To further illustrate the operation of the game reference is made to the accompanying set of rules which follow herewith by way of example of one way of playing the game:
1. OBJECT OF GAME
The normal race comprises "gliding" from a starting line to a target area. Players take alternate moves. The successful player is the first player who is able to "land" his simulated glider in the target area. By the term "land" is meant that the glider 51 connected to the pulley belt 49 of the simulated glider will be at minimum altitude, i.e. adjacent the upper surface 47 of the annular disc.
2. LENGTH OF COURSE
The card provided with the target area is placed an agreed upon number of cards widths away from the card provided with the starting line.
3. THE COURSE CARDS
As the game progresses cards are taken in random fashion as required, such as from the top of a face down pack, hence providing unpredictable variations in air conditions. Before each move, when a player is aware that his simulated glider will move off the card it is on during the execution of the next move, the player can take a card or cards off the top of the pack and place the card of cards so that the positioning lugs engage and the card is or the cards are in a position for his simulated glider to move thereon.
4. BASIC MOVE
Before start of play the simulated glider 51 is positioned at maximum altitude. A player may move his simulated glider in more than one direction in a single move and as far as he wishes to, so long as the simulated glider has altitude. For instance, in the particular arrangement shown in FIG. 4, a player's first move toward a target may be for a distance over the surface of the cards sufficient to reduce the simulated glider's altitude from 1500 feet to 200 feet. However, the player must not subsequently move the simulated glider over a distance sufficient to lose all the gliders altitude, unless the simulated glider is being moved in to land on the target area.
5. AIR CONDITIONS
(a) "Thermals"-In order to gain altitude a player may move his simulated glider to reset in the region of an upward "thermal". The player may increase the altitude of his simulated glider in increments corresponding to the value assigned to the "thermal", but must miss his turn to move over the course in such case.
Similarly, in order to lose altitude a player may land in a downward "thermal". The player may reduce the altitude of his simulated glider in increments corresponding to the value assigned to the "thermal", again missing his turn to move over the course in such case.
(b) Clouds are taken to provide a barrier to a simulated glider in situations where the altitude of the simulated glider is within the assigned altitude range of the cloud. When this situation arises the player may, for instance, "fly" the simulated glider around the outside of the cloud or move to an upward "thermal" to gain sufficient altitude to clear the cloud, or move to a downward "thermal" to lose sufficient altitude to "go under" the cloud.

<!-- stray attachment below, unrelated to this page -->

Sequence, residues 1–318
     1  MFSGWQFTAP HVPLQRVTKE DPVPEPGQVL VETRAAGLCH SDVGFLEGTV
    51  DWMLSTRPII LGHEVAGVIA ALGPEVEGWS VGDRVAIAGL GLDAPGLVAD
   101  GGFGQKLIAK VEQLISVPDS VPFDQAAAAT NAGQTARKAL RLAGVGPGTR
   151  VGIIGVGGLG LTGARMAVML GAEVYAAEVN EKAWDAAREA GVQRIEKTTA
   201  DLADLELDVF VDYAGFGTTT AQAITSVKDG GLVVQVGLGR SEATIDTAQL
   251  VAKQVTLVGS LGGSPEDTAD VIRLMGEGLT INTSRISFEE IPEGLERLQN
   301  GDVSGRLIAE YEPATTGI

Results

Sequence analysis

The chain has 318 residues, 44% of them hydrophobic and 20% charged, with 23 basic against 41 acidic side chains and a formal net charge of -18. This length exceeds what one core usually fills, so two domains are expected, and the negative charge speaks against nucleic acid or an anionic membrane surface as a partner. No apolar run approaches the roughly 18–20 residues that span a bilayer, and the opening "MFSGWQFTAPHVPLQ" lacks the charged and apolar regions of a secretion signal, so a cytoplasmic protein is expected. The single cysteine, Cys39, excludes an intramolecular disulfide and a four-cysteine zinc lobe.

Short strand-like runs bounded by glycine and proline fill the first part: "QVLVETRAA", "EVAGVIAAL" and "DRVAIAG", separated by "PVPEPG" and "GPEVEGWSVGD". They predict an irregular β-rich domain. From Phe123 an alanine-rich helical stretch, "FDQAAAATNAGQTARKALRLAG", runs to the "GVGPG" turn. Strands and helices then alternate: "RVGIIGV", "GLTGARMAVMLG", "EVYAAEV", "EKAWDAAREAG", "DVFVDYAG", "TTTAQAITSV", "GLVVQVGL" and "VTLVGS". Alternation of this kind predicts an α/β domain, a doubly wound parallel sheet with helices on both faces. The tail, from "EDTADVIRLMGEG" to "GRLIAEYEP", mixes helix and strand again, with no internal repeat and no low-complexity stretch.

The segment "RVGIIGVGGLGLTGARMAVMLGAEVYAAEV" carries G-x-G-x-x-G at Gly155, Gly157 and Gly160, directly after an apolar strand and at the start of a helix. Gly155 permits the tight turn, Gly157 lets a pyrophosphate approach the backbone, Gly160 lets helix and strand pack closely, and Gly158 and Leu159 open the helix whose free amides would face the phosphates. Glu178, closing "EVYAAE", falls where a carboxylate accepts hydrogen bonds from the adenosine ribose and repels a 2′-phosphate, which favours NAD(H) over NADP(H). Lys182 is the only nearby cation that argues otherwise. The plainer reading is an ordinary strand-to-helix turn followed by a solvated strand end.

International gliding rules relating to avoiding other gliders are applicable.
A third embodiment of the present invention relating to a simulated snow buggy race is shown in FIG. 6. The game comprises a set of cards which may be laid side by side to define the course of the race and a plurality of simulated snow buggies which can be moved along the course and simulate the participants of the race. The cards 62, 63, 64, 65 and 66 illustrated in FIG. 6 are similar in construction to the cards described in the previous embodiments, and the same reference numerals are used for the same features. The upper surfaces of the cards show markings characteristic of geographic features that a snow buggy would encounter when travelling over a course of this type. For instance, card 64 shows trees 68 and 69, and a pool of water 70, card 65 shows a rock outcrop 71, and card 63 shows a region of soft snow 72.
The simulated snow buggy comprises a snow buggy-shaped vehicle 73 which has a cutout portion 74 having parallel sides 75 and 76. Rollers 77 and 78 are positioned on respective axles 79 and 80 fixed between parallel sides 76 and 75. The rollers are rotatable relative to the snow buggy and are arranged to support a rubber caterpillar track 81 which extends between the rollers. The construction of the caterpillar track is similar to that described in relation to the sailing boat described previously. The rules of the race outlined in respect of the previously described boat race may be modified to suit the particular requirements of the race. Briefly, the rules may take the following form:
1. The object of the game is for a player to move his snow buggy from a starting position to a finishing position before an opponent can move his snow buggy from the starting position to the finishing position.
2. Each player in turn moves his snow buggy a set distance measured by the rotation of the caterpillar track 81.
3. The player must change the direction of his snow buggy in order to avoid obstacles, for instance trees, rocks etc.
4. A player may move his snow buggy directly across a pool of water provided that in the space of one move, the snow buggy clears the pool of water.
5. If a player must cross soft snow, the distance the player may move in any move is half the normal distance.
This invention has been advanced by way of example only and many other modifications and variations may be made thereto without departing from the spirit and scope of the invention as defined in the appended claims.
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|U.S. Classification||273/246, 273/283, 434/60, 273/289|
|Cooperative Classification||A63F2003/00381, A63F3/00006, A63F3/00085|
|Sep 24, 1981||AS||Assignment|
Owner name: BRUNTON & BRUNTON PTY. LTD., 420 ST. KILDA RD., ME
Free format text: ASSIGNMENT OF ASSIGNORS INTEREST.;ASSIGNOR:BRUNTON, ROBERT E.;REEL/FRAME:003912/0392
Effective date: 19791023